“If I lose that camera,” I said adamantly, “I will buy him a brand new one before the day is over with.”
Those were big words coming from the mouth of an eighteen-year-old college student gainfully employed through only a minimum wage, after school part-time job. I was on my way to a concert in the Superdome and wanted to use my brother’s new Nikon FM camera. 35mm SLR cameras were hard to come by back in the day, but my brother did not seem to mind if I borrowed his. We had worked it out. (He is my little brother) The problem surfaced when my parents objected to the loan. After all, our destination was New Orleans, which was considered a septic tank of hedonism and crime even back during the early 1980’s.
A group of my friends and I drove to New Orleans that afternoon, camera in hand. (My egregious boast having finally swayed my parent’s minds) It was a big concert bill for our area of the country: Charlie Daniels and the CDB, Kansas, Molly Hatchet, and the surviving Lynyrd Skynyrd band members on stage not too far removed from their tragic accident. A concert whose memories would surely last me a lifetime and something I believed I would be telling stories about to my grandchildren far away in the illustrious future I was certain awaited me.
Yes, the concert was fantastic! It was everything I imagined it would be and more, and was only topped several years later when I saw my guitar-hero Joe Walsh live at the Coast Coliseum. In fact, I would tell you today that the night in general was special – six young friends venturing out into the real world on their own for the first time to see a major concert in a big city. (New Orleans remains a big city to me even today, and I’ve lived in New York) It was magical. At least until the last hour or so, at which point the unthinkable happened.
My best friend and I left the group and took the vacant tunnels that led up to the unoccupied terrace level of the Superdome. Our goal was to get pictures of Lynyrd Skynyrd from an almost overhead angle, or at least a lot closer than our vantage point allowed us to do from the crowded floor. In those dark corridors we were assaulted by what would be known by modern standards as 'a gang', and the mayhem that followed I remember very little about today. We emerged from the tunnels beaten and bruised, yet lucky to be alive, I guess. However, the camera was missing, and all I had to show for it was a broken strap. The police were no help, of course. It turned out that sort of thing happened all the time in the big city, and they smugly informed us rubes that we were fortunate not to have been seriously hurt or even killed in the incident.
Tails tucked between our legs, wiser but nonetheless lighter in our pockets, we took a dismal ride back to Picayune in the by now early morning hours. As we switched cars in a local parking lot, a policeman drove up and asked us where we had been and what we were doing, etc. They do that sort of thing in a small town. As we related our sorrowful epic of woe, he smiled. He wasn’t smiling at our misfortune - I’m sure of that today looking back with the hindsight of many years since that night. He was smiling at our naiveté in the overall situation – six lost souls trapped awkwardly in those painful years between boyhood and becoming an adult. Other than the smile, I remember something else about that unnamed but obviously kind hearted policeman. He explained, specifically to me, that any time you learn a valuable lesson in life, it will cost you something.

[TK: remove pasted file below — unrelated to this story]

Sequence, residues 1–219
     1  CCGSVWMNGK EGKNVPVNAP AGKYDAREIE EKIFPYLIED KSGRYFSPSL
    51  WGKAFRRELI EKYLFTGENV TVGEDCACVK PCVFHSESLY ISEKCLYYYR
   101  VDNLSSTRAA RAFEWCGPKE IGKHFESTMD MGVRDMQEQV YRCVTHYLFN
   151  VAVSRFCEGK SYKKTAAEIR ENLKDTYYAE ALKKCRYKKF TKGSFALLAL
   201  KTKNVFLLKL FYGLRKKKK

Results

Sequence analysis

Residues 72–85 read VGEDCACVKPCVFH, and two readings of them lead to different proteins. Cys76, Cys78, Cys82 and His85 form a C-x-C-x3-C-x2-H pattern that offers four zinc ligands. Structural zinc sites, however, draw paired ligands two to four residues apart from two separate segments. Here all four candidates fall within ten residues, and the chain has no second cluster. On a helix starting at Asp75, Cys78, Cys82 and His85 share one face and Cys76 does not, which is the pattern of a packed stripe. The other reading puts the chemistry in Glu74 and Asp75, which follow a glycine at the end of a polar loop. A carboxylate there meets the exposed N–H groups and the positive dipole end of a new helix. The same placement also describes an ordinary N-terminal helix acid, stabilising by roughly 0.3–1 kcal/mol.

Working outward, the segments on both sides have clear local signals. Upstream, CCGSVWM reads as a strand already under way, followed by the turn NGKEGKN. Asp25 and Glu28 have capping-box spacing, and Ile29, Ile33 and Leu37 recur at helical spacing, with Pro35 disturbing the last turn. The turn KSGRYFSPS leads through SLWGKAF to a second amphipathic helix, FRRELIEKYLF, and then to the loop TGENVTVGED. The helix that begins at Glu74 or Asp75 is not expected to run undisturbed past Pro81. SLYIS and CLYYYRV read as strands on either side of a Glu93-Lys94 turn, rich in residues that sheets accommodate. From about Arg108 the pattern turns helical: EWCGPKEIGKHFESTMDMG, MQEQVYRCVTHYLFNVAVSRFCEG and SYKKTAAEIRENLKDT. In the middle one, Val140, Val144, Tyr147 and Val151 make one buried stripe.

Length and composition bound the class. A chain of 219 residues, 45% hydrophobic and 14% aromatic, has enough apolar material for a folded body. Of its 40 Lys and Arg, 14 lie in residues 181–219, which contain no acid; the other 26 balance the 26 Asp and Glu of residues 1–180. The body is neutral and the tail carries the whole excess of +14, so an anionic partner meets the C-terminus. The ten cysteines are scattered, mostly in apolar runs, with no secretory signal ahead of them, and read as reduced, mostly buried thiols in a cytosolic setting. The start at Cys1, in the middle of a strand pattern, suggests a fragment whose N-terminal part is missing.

With not a little chagrin, I faced my parents and my brother the following day. And I did in fact buy a new camera for him, although it was not easy to do on my part-time salary at the time. But I learned a lot more than just how to be safe in the city on that dark night so many years ago. I learned volumes about the pitfalls of boasting, and how frivolous it can be to brag about a future plan that may or may not ever be.
Solomon writes: “Boast not thyself of to morrow; for thou knowest not what a day may bring forth.” I cannot be assured of anything beyond what I am able to see right now and only here in the present. My life, my breath, and my very heartbeat are all in G_d’s hands. He decides by His will what will or will not come to pass and only He can control those things in my life. That may sound as though I believe there is nothing I can do to change what is known as fate in my life, and in many, many ways I know this to be true. However, I can hedge my bets on tomorrow by how I live my life today. By staying within what I know to be His will, or at least by doing my utmost best to do so, I’ve learned that things will always have a funny way of working themselves out in my life.
After all, Someone was with me in those dangerous tunnels that night, and the only proof I need is that I am still here to write about it today.